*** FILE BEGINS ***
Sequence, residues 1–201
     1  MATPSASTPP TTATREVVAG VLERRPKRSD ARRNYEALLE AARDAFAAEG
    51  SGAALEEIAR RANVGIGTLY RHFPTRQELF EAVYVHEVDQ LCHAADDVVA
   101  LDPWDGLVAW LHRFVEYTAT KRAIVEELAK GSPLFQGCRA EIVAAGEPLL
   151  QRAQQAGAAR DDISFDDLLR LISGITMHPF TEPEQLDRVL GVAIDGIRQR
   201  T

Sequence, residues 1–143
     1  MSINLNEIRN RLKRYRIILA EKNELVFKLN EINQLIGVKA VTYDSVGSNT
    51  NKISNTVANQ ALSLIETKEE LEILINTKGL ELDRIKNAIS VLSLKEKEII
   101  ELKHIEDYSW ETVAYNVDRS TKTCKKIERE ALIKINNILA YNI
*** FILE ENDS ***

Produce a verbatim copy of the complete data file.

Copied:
Sequence, residues 1–201
     1  MATPSASTPP TTATREVVAG VLERRPKRSD ARRNYEALLE AARDAFAAEG
    51  SGAALEEIAR RANVGIGTLY RHFPTRQELF EAVYVHEVDQ LCHAADDVVA
   101  LDPWDGLVAW LHRFVEYTAT KRAIVEELAK GSPLFQGCRA EIVAAGEPLL
   151  QRAQQAGAAR DDISFDDLLR LISGITMHPF TEPEQLDRVL GVAIDGIRQR
   201  T

Sequence, residues 1–143
     1  MSINLNEIRN RLKRYRIILA EKNELVFKLN EINQLIGVKA VTYDSVGSNT
    51  NKISNTVANQ ALSLIETKEE LEILINTKGL ELDRIKNAIS VLSLKEKEII
   101  ELKHIEDYSW ETVAYNVDRS TKTCKKIERE ALIKINNILA YNI